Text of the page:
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Medical equipment
european equities

Philips

company name
Koninklijke Philips N.V.
core business
Healthcare equipment
established
1891
headquarters
Amsterdam, Netherlands
esg consideration
Ventilator contract amid COVID-19
Social
Governance

Company Overview

Over the last decade, Philips has transformed from a sprawling conglomerate across a range of electronics to a business focused on healthcare. Today, over 70% of revenue is from healthcare, including the sale of medical imaging equipment such as MRI, CT, ultrasound, and X-ray machines, as well as ventilators, respirators, CPAP machines, hospital monitors, and software. The rest of the business is consumer health products, such as Sonicare toothbrushes and men’s electric razors.
> 70%
of revenue is from healthcare

ESG Consideration

At the onset of the COVID-19 pandemic, hospitals came under strain and demand for ventilators skyrocketed. As the leading producer of hospital-grade ventilators, Philips entered into many contracts with governments to supply ventilators and other pieces of hospital equipment. To service the demand, Philips reoriented its production facilities to step-up the manufacturing of these products.
Medical equipment in hospital room
In April 2020, Philips entered into a contract with the U.S. Department of Health and Human Services (HHS) to sell 43,000 Trilogy EV300 ventilators at a price of $15,000 per unit, for a total of $645 million (in U.S. dollars). This enormous contract required Philips to further reorient its production facilities and took the company all of 2020 to fulfill.
On July 31, 2020, the Subcommittee on Economic and Consumer Policy (part of the Committee on Oversight and Reform) released a report accusing Philips of profiteering at the U.S. government’s expense and calling the current U.S. administration’s handling of the matter incompetent. Philips was accused of selling the ventilators at above market prices and not honouring a separate older contract, which called for Philips to sell 10,000 ventilators at a much lower price of $3,280 each (in U.S. dollars). One month later, HHS cancelled the remaining portion of the large contract, along with its other outstanding ventilator contracts with other manufacturers. As the largest supplier, Philips was affected the most, with only 12,300 of the 43,000 ventilators delivered (all per the agreed schedule).
We take any suggestion of profiteering at one of our portfolio companies extremely seriously and had three meetings with the company about the matter, one prior to the allegations. The company’s position is that Philips was fully transparent with the government about the production ramp-up plans and pricing, that the report lacked important information in determining market pricing, and that the other contract noted in the report was for a lower-quality and older model of ventilator. The newer, higher-priced ventilator was what HHS decided to order. Philips was not given a formal reason from HHS for the contract cancellation, but reports had been made in the weeks preceding about the U.S. government’s stockpile of ventilators, stating that they were at a sufficient size. The cancellation of contracts with all manufacturers and not just Philips means it was likely related to high stockpiles as well as the declining rates of COVID-19-related hospitalization in the U.S.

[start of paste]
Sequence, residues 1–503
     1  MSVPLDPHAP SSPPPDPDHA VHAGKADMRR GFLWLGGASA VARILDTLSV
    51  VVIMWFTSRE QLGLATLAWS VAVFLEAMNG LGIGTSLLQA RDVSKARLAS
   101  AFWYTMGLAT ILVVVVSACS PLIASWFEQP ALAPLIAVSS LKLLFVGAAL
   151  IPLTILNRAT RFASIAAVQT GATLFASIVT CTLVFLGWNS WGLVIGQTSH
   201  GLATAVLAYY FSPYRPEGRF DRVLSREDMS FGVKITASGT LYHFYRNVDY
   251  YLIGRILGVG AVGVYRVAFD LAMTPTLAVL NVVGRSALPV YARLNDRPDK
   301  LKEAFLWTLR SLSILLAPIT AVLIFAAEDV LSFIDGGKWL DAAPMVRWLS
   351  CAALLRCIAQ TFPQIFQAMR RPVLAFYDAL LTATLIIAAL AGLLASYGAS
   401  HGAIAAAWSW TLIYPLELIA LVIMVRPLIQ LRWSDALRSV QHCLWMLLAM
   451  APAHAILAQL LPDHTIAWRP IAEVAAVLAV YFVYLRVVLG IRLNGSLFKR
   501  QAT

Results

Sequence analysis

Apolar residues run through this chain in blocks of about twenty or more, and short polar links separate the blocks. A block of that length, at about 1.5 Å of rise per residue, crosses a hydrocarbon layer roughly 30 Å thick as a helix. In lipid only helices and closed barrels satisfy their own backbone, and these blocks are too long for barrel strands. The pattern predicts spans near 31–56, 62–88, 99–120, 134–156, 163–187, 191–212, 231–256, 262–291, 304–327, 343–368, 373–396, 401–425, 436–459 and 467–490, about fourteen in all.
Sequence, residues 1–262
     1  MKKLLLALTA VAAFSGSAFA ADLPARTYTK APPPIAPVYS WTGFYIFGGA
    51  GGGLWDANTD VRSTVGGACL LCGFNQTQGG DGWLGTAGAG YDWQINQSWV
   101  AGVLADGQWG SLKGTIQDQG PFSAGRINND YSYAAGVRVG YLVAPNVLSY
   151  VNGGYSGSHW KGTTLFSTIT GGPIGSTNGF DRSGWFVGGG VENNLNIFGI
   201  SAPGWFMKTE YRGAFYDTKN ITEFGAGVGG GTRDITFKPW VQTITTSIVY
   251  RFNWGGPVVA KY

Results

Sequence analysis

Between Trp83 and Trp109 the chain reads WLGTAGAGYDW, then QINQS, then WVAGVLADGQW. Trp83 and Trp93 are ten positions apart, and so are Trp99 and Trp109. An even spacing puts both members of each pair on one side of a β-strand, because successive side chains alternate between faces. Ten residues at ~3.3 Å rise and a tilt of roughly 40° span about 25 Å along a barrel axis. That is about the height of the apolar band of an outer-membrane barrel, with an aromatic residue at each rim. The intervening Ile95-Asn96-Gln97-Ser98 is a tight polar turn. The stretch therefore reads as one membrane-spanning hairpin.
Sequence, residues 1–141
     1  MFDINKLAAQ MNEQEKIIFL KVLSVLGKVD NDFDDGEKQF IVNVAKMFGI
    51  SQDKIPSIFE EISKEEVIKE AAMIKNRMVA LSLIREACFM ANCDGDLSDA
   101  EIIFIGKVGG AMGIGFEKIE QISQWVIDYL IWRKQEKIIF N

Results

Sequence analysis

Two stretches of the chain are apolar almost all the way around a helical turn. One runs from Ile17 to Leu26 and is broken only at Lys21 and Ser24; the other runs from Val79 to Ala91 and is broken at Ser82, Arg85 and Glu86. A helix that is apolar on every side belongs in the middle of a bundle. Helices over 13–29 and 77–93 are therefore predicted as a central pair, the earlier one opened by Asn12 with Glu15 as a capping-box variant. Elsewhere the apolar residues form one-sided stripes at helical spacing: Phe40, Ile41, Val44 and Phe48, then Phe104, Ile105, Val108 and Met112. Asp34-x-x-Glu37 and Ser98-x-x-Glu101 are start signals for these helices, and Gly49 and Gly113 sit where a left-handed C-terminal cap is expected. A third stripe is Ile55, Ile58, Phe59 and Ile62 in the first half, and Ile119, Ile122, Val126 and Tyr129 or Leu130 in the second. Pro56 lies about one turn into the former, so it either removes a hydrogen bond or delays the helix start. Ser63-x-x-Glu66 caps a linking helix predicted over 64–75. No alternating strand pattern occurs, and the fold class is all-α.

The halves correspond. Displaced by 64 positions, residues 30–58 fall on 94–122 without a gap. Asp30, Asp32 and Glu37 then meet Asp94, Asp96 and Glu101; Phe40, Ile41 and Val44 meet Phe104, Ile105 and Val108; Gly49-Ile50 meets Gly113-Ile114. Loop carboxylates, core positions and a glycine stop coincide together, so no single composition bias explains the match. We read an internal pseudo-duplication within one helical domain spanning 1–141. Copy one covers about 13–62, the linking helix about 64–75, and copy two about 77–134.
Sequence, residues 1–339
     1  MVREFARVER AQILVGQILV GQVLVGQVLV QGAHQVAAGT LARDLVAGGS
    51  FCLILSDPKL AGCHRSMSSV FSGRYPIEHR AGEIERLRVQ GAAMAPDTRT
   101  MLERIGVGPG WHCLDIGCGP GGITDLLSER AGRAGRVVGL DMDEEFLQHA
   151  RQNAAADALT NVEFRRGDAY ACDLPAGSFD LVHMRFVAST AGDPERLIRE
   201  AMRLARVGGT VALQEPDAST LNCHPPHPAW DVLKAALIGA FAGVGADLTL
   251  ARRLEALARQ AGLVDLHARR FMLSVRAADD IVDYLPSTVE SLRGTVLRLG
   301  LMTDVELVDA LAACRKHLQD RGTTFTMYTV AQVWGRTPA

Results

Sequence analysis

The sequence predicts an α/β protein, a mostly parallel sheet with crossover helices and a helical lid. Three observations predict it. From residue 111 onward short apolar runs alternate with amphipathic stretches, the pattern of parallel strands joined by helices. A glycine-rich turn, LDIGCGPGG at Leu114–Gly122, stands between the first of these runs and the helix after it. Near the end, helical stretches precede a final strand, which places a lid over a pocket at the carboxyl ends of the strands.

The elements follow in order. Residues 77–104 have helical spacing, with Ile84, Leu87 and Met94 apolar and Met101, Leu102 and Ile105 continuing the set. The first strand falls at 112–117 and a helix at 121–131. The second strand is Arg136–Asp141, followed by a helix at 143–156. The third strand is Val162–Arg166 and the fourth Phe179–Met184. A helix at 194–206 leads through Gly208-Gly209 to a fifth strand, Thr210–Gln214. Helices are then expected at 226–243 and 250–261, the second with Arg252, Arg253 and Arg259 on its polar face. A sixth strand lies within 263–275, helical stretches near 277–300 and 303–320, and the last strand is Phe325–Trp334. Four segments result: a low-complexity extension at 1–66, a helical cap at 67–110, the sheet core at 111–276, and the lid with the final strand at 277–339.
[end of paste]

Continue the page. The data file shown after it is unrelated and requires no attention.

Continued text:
We continue to monitor this situation. Entering large contracts with governments is a delicate matter, particularly at times of severe stress. Philips needed to balance the needs of all stakeholders by doing what was right for humanity. To do so, the company began stepping up the production of its ventilators while ensuring the additional costs would not overburden the company.
Final thoughts
Overall, there appears to be low legal risk for Philips, which has never been part of the allegations. We think it is most likely that Philips acted properly and that the report was politically influenced as it was written by a Democratic-led subcommittee and placed as much emphasis on its view of incompetent dealing by the Republican administration as on Philips. But it remains a serious matter. In future meetings with management, we will continue to emphasize the importance of handling government contracts with extreme care.
Sources: Burgundy research, Philips filings
Definitions: Dream Team Company— To qualify for our “Dream Team List,” a company must embody the business, financial and management characteristics that Burgundy deems high quality while also having a current market price that does not offer enough of a margin of safety to warrant investing. Burgundy monitors these companies, waiting for the right purchase price.
About the author
Kenneth Broekaert
About the author
Kenneth Broekaert, CFA
senior Vice President, Portfolio Manager
Ken’s passion for investing grew out of his interest in business. His generalist interests led him to The Boston Consulting Group at the start of his career. A fascination he developed during that period was the study of how businesses can enhance or lose their competitive advantages. Then he discovered the writings of Warren Buffett and Benjamin Graham. One of his favourite Buffett concepts is to challenge yourself to make only 20 investment decisions in your life, which requires good judgement about the durability of the competitive advantages of businesses. Ken continuously challenges himself to own a concentrated portfolio of companies that Burgundy could own “forever” that earn stronger long-term returns for clients.
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